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Jury in Christmas Day murder trial ends day 1 of deliberations without verdict

UPDATE @ 7:12 p.m. (Jan. 31): The jury has not been able to reach a verdict and has been released for the evening. Deliberations are expected to resume Thursday.

»RELATED: Christmas Day murder trial: 5 things to know about Warren County trial

EARLIER REPORT (Jan. 31)

The jury is expected to begin deliberations this afternoon in a Christmas Day 2016 murder trial in Warren County Common Pleas Court.

The trial of Zachary Wilson, 26, on three counts of murder, two counts of felonious assault as well as single charges of improperly discharging a firearm and tampering with evidence was delayed Wednesday by the unavailability of a defense witness.

Earlier in the day, the woman riding with Wilson and the alleged victim, Jeremy Foxx, 24, of Carlisle, testified that Foxx, her cousin, pulled a gun on Wilson before the shooting started on Dec. 25, 2016 on a road along the Carlisle-Franklin Twp. line.

RELATED: Prosecution: Drugs at root of Christmas Day 2016 slaying

Allison Moore, 20, of Franklin Twp., said Foxx pulled a 9 mm handgun and pointed it at Wilson with a look of “contempt” and intent to shoot.

Wilson, 26, is on trial, accused of firing at least nine rounds from an AK-47 pistol, into Foxx and a home along the road, culminating a five-day methamphetamine binge.

RELATED: Defense rested in Christmas Day 2016 murder trial

In July, Moore was sentenced to three years in prison for tampering with evidence in the case.

On Wednesday, Assistant County Prosecutor Travis Vieux pressed Moore about why she didn’t tell detectives this version of what happened when she was interviewed after she and Wilson surrendered to authorities.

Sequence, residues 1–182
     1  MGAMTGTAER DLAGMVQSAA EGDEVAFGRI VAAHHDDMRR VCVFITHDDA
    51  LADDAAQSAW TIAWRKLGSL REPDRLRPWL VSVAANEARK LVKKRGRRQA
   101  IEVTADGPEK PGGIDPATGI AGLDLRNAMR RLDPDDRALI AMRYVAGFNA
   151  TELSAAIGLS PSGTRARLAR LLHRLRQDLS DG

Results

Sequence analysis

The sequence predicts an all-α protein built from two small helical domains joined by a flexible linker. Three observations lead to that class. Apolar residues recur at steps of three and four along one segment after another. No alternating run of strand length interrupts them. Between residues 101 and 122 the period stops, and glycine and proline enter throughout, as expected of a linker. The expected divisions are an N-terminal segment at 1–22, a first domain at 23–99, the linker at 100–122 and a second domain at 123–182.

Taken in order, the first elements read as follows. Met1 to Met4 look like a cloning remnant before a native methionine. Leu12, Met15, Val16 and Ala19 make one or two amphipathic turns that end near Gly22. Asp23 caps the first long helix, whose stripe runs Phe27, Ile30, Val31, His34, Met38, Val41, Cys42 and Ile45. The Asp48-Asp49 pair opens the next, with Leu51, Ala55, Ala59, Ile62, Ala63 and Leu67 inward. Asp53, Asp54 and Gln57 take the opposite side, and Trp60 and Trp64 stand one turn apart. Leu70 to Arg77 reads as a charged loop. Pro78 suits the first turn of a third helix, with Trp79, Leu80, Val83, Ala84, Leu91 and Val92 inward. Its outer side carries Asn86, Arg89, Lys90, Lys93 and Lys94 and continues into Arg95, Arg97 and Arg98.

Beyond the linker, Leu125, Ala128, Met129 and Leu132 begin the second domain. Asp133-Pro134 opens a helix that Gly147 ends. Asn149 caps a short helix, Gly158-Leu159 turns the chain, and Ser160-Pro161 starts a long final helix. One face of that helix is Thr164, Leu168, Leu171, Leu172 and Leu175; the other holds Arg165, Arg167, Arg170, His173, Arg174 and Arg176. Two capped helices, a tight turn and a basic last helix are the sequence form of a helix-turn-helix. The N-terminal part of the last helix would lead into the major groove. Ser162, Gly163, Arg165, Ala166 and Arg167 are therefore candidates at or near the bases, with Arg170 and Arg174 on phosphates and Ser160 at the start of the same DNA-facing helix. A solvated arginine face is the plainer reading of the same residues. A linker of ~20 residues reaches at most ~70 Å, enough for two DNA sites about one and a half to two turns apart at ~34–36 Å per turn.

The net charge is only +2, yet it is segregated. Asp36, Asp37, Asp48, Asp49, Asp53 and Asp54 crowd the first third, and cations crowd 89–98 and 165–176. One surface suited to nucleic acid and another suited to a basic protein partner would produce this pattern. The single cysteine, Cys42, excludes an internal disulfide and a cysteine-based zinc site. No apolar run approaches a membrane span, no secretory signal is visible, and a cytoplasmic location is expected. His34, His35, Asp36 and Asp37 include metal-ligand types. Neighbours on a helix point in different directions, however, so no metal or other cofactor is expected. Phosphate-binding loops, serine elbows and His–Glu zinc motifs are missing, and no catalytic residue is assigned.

“At the time I was very confused,” she responded.

Moore admitted she and Wilson were “romantically involved in the past” and that she wrote to him from prison.

Moore confirmed she, Foxx and Wilson had been under the influence of meth for about five days and were trying to get more at the time of the fatal shooting.

“They were both being paranoid,” she said.

During jury selection, one of Wilson’s lawyers suggested the shooting was the result of Wilson panicking in a stressful situation and acted in self defense.

Wilson, a Franklin High graduate living outside Lebanon at the time of the shooting, shot Foxx as they drove with Moore, shattering the back of Foxx’s skull and sending a bullet into one of the homes they were driving by, Vieux said in his opening statement.

The truck crossed through a ditch as Wilson circled back in a futile attempt to find the the pistol before fleeing - first to Caesar Creek Lake Park and then Kentucky where he was hiding with his “Papaw,” Vieux added.

Police turned to the public for assistance and Moore and Wilson turned themselves in.

Judge Robert Peeler told the jury they should be prepared to begin deliberations, although, if unable to reach a verdict, they could continue on Thursday.

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